Your worm bin can be relatively maintenance-free. You should plan on adding your kitchen waste regularly. It doesn’t need to be daily, or on any particular frequency other then when you are ready, or your small kitchen bucket or container is full. Since worms don’t have teeth, they will be able to begin eating food that is chopped up very small to increase the surface area for bacteria and microorganisms to work on. It is not necessary to chop worm food up very fine; it will just speed up the rate at which the worms are able to consume it. If you don’t mind a few corn cobs in your finished vermicompost, chopping everything to tiny pieces may not seem like an efficient use of your time. While burying the waste, you should take notice of how the bedding and worms look. They should be moist, but not too wet. Standing water in the bottom of the container is not desirable. To correct for too much moisture, just add bedding materials. You can also add bedding materials as you go; they will help to cover up the food to minimize fruit flies and control odors. An ideal ratio is about 1 part bedding to 1 part food items. Your worms could probably handle a month or two without any care if they had to, so no need to worry if you want to take a vacation.
If the worm bin is left unattended for around six months, the worms will eat all of the bedding and organic material, and the entire contents will be converted to vermicast. Vermicast is considered overworked, and has probably lost some of its nutritional value compared to vermicompost. Since no food remains for the worms, most of the worms will die and decompose. The few worms that remain will be small, inactive, and undernourished.
During the composting process, gravity pulls moisture towards the bottom of the tray, dragging nutrient-rich particles with it. This nutrient-rich liquid is called leachate. Some systems will incorporate a drain at the lower level to drain off this excess liquid. It should take some time before your system is producing any leachate. You can use this full-strength leachate on your outdoor plants, but it is best to mix it with equal parts water for use on potted plants. Compost tea is similar to leachate, with the exception that it is not a naturally occurring process. To make compost tea, mix 1 cup well-processed castings in 1 gallon of water and steep overnight at room temperature. Shake, mix, or aerate with an aquarium pump if desired, then use the solution within 12 hours to water or spray plants.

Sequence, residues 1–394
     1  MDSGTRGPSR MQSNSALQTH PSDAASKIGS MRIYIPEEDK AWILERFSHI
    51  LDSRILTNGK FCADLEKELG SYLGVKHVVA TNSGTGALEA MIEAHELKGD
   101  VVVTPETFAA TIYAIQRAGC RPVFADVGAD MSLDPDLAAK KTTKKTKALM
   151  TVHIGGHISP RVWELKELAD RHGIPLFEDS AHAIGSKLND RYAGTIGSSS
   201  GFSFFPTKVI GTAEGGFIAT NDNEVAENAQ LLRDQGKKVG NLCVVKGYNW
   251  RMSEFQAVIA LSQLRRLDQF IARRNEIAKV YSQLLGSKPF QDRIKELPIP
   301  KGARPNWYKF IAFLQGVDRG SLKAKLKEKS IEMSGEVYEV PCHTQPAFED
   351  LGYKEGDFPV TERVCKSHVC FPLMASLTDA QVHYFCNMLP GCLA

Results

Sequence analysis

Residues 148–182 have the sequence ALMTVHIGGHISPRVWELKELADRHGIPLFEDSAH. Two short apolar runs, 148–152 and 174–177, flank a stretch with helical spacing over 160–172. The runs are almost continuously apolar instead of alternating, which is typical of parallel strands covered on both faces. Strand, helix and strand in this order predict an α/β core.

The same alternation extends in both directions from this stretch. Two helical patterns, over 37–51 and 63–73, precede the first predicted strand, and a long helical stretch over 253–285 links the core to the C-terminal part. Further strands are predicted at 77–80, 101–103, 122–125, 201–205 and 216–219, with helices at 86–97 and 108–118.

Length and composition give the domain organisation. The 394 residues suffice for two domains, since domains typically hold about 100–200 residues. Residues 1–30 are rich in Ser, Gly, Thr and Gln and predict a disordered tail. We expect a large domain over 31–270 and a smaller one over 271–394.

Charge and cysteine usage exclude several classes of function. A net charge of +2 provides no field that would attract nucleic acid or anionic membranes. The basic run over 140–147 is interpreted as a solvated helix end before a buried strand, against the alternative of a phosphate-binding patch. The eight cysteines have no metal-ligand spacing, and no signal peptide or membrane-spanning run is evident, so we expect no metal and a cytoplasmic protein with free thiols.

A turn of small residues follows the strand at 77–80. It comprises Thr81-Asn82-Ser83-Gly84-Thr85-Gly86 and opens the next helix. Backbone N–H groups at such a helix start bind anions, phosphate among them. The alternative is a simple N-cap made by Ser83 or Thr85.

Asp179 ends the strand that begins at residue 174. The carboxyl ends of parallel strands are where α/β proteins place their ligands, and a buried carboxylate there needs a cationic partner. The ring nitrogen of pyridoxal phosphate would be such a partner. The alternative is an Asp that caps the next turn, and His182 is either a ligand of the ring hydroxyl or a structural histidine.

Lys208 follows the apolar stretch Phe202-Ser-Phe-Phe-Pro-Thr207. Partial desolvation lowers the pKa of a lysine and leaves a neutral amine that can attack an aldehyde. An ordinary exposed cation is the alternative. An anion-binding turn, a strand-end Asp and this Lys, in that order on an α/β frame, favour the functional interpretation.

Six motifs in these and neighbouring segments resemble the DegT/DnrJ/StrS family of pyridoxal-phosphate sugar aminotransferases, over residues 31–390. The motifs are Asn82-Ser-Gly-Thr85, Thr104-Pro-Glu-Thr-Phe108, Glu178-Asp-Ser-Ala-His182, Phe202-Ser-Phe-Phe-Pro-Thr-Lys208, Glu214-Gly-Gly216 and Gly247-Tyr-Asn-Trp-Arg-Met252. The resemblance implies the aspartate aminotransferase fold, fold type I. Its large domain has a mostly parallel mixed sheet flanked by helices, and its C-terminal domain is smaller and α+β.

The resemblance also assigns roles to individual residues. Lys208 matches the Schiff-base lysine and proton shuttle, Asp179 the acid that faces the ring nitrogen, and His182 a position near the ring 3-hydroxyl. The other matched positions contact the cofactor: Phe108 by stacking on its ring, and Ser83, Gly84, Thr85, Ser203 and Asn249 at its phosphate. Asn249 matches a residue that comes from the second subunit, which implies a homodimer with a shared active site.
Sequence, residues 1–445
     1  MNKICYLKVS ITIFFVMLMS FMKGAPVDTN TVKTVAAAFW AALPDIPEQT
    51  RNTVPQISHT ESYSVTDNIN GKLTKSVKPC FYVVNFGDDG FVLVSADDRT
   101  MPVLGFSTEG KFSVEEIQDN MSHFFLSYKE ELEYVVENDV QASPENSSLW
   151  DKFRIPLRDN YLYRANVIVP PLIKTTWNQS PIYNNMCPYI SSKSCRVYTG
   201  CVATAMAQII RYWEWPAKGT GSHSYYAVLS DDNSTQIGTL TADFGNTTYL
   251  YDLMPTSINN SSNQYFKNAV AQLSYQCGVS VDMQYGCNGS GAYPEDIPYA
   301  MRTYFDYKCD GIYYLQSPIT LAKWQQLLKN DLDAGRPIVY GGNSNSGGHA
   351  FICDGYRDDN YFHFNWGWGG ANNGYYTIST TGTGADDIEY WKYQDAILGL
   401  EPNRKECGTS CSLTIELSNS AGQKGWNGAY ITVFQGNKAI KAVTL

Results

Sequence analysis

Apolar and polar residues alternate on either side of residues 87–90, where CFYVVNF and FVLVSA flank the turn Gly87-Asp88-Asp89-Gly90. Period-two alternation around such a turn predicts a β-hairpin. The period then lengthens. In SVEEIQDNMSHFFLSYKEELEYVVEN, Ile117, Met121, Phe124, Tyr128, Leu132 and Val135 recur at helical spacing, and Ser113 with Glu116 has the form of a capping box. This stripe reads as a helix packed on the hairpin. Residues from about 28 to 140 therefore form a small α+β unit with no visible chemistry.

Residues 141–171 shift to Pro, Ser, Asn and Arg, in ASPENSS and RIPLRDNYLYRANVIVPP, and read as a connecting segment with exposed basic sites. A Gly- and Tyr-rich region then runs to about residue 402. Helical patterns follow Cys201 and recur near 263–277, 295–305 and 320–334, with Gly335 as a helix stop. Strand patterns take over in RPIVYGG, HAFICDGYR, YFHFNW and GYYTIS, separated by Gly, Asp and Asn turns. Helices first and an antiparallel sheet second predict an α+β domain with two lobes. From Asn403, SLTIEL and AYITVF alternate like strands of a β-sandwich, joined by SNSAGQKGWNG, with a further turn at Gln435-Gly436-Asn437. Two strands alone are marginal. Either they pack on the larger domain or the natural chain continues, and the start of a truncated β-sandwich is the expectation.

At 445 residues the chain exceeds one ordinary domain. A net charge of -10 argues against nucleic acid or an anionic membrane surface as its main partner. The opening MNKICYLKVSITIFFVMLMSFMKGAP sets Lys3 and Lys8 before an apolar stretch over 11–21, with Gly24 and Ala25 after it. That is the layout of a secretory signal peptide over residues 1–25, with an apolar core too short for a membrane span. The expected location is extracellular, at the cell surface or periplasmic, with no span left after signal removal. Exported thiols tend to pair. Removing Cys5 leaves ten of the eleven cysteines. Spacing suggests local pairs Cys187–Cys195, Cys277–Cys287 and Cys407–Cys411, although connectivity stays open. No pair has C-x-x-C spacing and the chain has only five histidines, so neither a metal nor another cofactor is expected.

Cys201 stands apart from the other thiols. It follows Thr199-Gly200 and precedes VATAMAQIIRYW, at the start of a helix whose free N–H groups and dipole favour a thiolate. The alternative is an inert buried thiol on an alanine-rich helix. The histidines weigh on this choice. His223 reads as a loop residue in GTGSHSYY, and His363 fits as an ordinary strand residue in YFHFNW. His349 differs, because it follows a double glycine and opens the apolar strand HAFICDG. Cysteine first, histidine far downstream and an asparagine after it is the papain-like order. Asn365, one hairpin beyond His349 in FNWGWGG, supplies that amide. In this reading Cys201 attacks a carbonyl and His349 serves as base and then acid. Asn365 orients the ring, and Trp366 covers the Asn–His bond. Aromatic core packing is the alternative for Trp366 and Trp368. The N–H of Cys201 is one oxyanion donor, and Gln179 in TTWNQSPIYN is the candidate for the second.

There are several methods to harvesting vermicompost, depending on your preferences. The ideal end product consists of a large amount of worm castings and should look and smell much like earth. To harvest vermicompost the three basic methods are dump and hand sort, worm sorting, and divide and dump. Of the three methods divide and dump is probably the easiest. If you want worm free vermicompost, you could try to find a colander with large holes to separate worms from the vermicompost. You can simply return the larger pieces of organic matter back into the bin.
Dump and hand sort
This method requires a large sheet of plastic and a good light source (either the sun or a 100W light bulb would be sufficient). The idea is to dump the contents of the box onto the large plastic sheet laid out on the floor. Shape the worms/compost into many cone-shaped piles. If adequately lighted, the worms will migrate to the bottom of the piles, which allows you to skim some vermicompost from the top of each pile. Keep harvesting a small amount of vermicompost from each pile, rotating through all the piles, and eventually, you will be left with piles that are highly concentrated with worms. This method requires the most work, but will save the most worms to put back into use for your next bin, and will allow you to continue composting at a high rate because of the large worm population to start your next container.
This method is utilized with commercially available stacking units, but can also be replicated in a homemade single bin system. The idea is to offer the worms a new place with bedding and fresh food to migrate to once their food is mostly eaten, and you are ready to harvest the vermicompost. This can be accomplished inside the same bin; also, just push all of the vermicompost to one side, then add more bedding material to the other half, and start burying your food in the new half. You may find this method more successful when the food side is covered with plastic to maintain higher moisture levels. With the commercial units, when the worms are done feeding on the bottom trays, they migrate to the top where the food is placed continuously. When ready, the bottom trays are harvested as vermicompost.
Divide and dump
This method is probably the easiest method, but you will lose a large amount of worms. Using this method you take out 2/3 of your vermicompost/worms and use them as desired in your garden, worms and all. Leaving 1/3 of the vermicompost/worms will be sufficient to keep the system going, and you can add new bedding material and continue to bury food as usual. Remember that there are about 1/3 the worms, so they will need less food until their population is built back up.